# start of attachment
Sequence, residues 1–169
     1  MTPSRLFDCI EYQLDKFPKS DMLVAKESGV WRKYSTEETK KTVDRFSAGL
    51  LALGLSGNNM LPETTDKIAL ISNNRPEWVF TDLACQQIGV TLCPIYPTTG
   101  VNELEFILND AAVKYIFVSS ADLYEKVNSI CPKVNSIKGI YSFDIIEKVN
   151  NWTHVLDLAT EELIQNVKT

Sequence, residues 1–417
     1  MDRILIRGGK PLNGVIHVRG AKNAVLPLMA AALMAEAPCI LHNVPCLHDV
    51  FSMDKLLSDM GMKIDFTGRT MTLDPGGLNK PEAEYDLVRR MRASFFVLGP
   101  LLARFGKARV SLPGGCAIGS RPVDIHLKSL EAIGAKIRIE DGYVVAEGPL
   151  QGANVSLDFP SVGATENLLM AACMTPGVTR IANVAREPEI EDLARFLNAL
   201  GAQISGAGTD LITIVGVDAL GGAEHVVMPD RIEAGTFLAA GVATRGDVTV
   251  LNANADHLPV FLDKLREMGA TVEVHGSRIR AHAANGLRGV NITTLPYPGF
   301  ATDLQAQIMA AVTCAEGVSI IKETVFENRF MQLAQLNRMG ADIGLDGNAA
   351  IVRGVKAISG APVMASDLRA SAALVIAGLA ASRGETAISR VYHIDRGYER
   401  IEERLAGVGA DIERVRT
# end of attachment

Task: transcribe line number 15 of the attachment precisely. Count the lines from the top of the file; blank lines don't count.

   401  IEERLAGVGA DIERVRT